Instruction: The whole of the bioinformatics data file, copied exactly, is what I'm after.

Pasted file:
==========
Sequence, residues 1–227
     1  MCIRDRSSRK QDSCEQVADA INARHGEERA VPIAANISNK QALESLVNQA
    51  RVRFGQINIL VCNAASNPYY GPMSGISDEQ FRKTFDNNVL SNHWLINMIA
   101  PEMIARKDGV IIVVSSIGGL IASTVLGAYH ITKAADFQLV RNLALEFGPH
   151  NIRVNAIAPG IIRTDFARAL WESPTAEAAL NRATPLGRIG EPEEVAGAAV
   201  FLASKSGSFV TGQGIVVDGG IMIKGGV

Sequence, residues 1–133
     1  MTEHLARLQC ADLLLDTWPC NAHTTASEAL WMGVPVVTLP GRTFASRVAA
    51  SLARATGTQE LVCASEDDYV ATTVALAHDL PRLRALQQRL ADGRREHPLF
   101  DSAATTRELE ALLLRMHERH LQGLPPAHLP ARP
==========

Sequence, residues 1–227
     1  MCIRDRSSRK QDSCEQVADA INARHGEERA VPIAANISNK QALESLVNQA
    51  RVRFGQINIL VCNAASNPYY GPMSGISDEQ FRKTFDNNVL SNHWLINMIA
   101  PEMIARKDGV IIVVSSIGGL IASTVLGAYH ITKAADFQLV RNLALEFGPH
   151  NIRVNAIAPG IIRTDFARAL WESPTAEAAL NRATPLGRIG EPEEVAGAAV
   201  FLASKSGSFV TGQGIVVDGG IMIKGGV

Sequence, residues 1–133
     1  MTEHLARLQC ADLLLDTWPC NAHTTASEAL WMGVPVVTLP GRTFASRVAA
    51  SLARATGTQE LVCASEDDYV ATTVALAHDL PRLRALQQRL ADGRREHPLF
   101  DSAATTRELE ALLLRMHERH LQGLPPAHLP ARP